A few people even use these games as spaces in which to annoy others, an activity known as "griefing." Official rules against griefing tend not to achieve much; technological fixes (such making it possible to ignore or make oneself invisible to griefers) do a bit better; but the persistence of character identity, and the reputation that one gets based on behavior, tends to be the most effective moderator of griefing. It takes time to become powerful in these games, and it takes cooperation to get access to the best stuff. Someone who intentionally makes the game less fun for others very quickly finds himself or herself to be isolated, unable to find groups, and ultimately less effective in the game against better-behaved players. These games, which are often disparaged as promoting isolation, actually strongly encourage cooperative, collaborative behavior, and the emergence of community.
For now, negative reputations that one gains in a game tends to stay within that game, while positive reputations can travel. Griefers can move to a different game and start again with a clean slate. Skillful or particularly sociable players tend to attract groups with which to play, and those groups will generally migrate from game to game as a whole, where the group (or "guild") name will often be recognizable to other players. But just as the in-game economics have started to cross over into real world markets, we may soon see a world in which there is overlap between one's in-game reputation and real-world identity. As these games become more popular -- and Blizzard Entertainment, maker of World of Warcraft, claims over a million games sold in the US alone -- it will become more commonplace to meet people in the real world with whom one has already interacted with in-game.
We may soon see a day when one's game character name is as recognizably connected to one's real name as one's email address.
(And, to answer the questions that a few of you will have: Dalaran. Paladin (60). Ookino.)
I've been following this work for some time. Castranova writes here:
Here's the latest SSRN paper I found off their blog:
Traditionally any party who wants to gain popular support in "liberal Democracies" has to be economically super sound. This in the past has implied using up the worlds resources, and of course it will actually imply this for the forseeable future.
Its interesting however that in terms of economic activity, some games rival Estonia etc. in a purely information based economy which which uses up a tiny fraction of resources per unit of aconomic activity. Obviously games are just one side of the coin, i don't play many a' them myself but am pretty content to sit with a game pad and some snes emulators. Since i haave had broadband though I've, well, spent all my money on drinks, lights, exotic intoxicants and life - not in the past month spending more than a few thousand pennys on manufacutred punch-able goods. I've bent the truth, I have scarcely seen thousands of pennye in the past month, those metallic disks bearing the insignia of a promise to pay the bearer on demand, but i know in a couple of buys and sells thousands of those disks could have, completely unnescasarily, slide hand to hand.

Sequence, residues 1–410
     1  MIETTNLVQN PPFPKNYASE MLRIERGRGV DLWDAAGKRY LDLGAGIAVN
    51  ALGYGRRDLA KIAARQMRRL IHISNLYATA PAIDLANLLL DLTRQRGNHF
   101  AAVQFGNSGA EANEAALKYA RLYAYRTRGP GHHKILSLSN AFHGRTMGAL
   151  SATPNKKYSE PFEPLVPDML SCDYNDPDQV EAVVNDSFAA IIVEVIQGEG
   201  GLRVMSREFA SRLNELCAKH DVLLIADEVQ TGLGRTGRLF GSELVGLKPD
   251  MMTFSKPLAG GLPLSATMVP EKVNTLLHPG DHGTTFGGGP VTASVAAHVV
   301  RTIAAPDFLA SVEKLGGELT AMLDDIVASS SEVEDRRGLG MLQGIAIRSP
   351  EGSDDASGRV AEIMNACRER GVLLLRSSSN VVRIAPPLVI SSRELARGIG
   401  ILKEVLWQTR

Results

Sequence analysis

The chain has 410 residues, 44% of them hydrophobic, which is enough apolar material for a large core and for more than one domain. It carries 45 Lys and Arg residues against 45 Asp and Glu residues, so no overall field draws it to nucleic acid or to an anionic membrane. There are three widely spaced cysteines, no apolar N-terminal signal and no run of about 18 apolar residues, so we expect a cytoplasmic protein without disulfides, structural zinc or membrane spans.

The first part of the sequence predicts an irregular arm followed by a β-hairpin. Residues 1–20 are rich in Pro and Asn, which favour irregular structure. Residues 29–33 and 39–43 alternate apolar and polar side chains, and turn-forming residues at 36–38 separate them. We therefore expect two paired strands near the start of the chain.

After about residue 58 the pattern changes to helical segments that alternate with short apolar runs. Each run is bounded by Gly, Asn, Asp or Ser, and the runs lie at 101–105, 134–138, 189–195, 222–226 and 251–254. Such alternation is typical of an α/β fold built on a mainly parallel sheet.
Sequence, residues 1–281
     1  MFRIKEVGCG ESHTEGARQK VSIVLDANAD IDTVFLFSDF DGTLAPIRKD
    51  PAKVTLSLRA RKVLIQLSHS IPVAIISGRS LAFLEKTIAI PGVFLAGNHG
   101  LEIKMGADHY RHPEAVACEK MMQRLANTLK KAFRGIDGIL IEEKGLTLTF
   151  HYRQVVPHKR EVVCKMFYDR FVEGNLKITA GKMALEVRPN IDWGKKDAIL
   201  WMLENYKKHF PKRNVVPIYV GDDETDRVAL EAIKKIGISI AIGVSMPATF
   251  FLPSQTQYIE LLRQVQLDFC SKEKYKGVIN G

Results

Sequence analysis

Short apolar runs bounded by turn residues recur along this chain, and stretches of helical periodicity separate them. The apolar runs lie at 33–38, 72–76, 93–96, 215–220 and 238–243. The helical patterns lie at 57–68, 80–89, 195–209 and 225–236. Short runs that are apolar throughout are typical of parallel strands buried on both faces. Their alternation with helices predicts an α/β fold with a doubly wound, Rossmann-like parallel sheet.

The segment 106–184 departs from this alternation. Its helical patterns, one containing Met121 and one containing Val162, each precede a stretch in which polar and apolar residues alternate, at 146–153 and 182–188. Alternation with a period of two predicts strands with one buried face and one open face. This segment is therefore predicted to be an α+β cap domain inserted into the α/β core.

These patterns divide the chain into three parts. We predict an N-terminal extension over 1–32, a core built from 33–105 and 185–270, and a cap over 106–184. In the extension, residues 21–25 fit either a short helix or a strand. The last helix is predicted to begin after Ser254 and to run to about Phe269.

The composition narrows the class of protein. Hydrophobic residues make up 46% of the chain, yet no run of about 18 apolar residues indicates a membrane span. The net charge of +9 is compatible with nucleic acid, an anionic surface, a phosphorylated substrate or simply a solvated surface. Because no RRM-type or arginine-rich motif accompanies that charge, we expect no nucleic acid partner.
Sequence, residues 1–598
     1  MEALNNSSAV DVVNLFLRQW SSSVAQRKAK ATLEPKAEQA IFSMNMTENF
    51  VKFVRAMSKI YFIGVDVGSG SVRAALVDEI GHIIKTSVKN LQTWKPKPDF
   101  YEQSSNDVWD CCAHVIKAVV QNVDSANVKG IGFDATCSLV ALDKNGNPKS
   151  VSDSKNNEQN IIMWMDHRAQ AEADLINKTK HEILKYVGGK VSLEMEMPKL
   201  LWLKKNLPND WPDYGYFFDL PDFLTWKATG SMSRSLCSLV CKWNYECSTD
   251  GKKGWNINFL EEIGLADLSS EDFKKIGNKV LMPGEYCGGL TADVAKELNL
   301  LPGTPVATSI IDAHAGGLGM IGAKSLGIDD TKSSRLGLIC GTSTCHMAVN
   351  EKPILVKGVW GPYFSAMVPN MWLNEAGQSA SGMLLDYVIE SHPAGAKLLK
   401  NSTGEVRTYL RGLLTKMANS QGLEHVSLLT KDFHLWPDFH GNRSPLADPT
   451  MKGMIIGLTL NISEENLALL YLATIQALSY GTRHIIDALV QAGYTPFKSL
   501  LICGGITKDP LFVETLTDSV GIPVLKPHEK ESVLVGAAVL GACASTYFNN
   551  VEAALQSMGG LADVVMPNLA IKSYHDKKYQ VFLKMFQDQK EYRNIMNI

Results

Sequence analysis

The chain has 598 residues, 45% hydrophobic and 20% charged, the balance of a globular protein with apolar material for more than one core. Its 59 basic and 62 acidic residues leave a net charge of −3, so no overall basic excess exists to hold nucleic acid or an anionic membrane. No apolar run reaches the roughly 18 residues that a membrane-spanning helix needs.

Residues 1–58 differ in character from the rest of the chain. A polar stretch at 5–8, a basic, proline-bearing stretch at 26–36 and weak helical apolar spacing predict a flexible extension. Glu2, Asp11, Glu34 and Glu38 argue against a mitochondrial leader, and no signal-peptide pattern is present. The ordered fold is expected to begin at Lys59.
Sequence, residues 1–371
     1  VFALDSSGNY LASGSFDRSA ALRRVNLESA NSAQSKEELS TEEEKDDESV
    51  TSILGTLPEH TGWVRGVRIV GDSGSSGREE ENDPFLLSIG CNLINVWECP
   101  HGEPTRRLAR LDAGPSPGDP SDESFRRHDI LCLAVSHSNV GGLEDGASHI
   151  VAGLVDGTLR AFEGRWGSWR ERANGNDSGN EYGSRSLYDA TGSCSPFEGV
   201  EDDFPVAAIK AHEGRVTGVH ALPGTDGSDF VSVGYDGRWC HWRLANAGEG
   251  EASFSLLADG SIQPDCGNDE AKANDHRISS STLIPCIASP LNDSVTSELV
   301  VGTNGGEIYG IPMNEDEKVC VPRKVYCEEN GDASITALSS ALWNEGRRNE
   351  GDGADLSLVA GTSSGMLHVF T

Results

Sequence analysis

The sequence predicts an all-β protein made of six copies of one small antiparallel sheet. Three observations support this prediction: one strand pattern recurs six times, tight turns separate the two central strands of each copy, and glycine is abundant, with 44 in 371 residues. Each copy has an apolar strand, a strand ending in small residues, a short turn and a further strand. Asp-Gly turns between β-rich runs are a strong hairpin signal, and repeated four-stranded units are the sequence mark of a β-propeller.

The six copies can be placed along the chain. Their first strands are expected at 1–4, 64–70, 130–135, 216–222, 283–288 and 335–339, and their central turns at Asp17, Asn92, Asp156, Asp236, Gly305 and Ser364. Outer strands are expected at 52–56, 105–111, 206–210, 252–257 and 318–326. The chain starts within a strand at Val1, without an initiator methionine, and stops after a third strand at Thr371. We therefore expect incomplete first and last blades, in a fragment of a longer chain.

The metal that could be once described as clamourously, at some level, and to poetically imbue it with a personality I see as charming, see it as slowly vibrating waves. Slowly, so I said, yet speeding fast in 23 skidoo vision. 23 skidoo is, apparently, a 1920's, 30's expression for doing something quickish, godspeed, twidly thumb skidelidoo!
Since I have had broadband I have bought very little material goods, I am still playing off the computer but through that I get music, films, some games and other media on recommendation by people who've been looking for the same shite as muself. Notwithstanding this, anyone can scrawl writing all over their site, as I seem to have done whislt erstwhile youthful punk tunes to backdrop my prospects today of leaving with a freind in the country to go to camping. Skanking Racid fans do not know me very well of course, and I know inordinately.
Video conferencing now costs only 30 pence a minute or so over Spyoe's Voice over Internet Protocol, I daresay in some of these there very well could be team games played between Western habnackers and Japans, but for all the silly tactics going on if, cheap video conferncing for local businesses becomes a success, my dads been getting himself into a quite nice state, consulting to get broadband lines hooked up thru lots of the water pipelines.
I have to go, but the summarily end this lotta 'lectronic bollocks, the more information economy can keep National Income and other measures of economic well-being up there instead of relying on jett-setty un-taxed kerosene and other fossil fuels, assuaging some of the imtense danger of enviromental castastrophism, well - Obviously, the better!
Pally still needs to be nerfed =p
And shaman too.
On the matter of the real life money for these types of games, there has been a new innovation for the genre only in the last few weeks: Sony Online Entertainment (SOE) has announced a new program to officially sanction sales of in game items for EQ2 on certain servers (for now), effectively giving the players real life ownership of their items.
Typically in a MMOG (Massively Multiplayer Online Game) the game company that produced the game retains ownership rights over all items, characters, gold, etc. that players accrue while playing the game. All sales of items and gold on Ebay, thusly, are illegal, as per the terms of the games EULA.
SOE has changed this with their new system for EQ2. SOE gets a portion of the money from each sale, so they are effectively cashing on on the game sales.
The problem, however, with this is what happens when SOE decides that they have to change an item, that a player bought for several hundred dollars? If they make a change that makes that item worthless, then the player has wasted their money and could, feasibly, make a real life case out of it against the company.
Cory Doctorow's written a nice short story called "Anda's Game" showing (the?|a possible?) underbelly of this virtual-world/real-world crossover: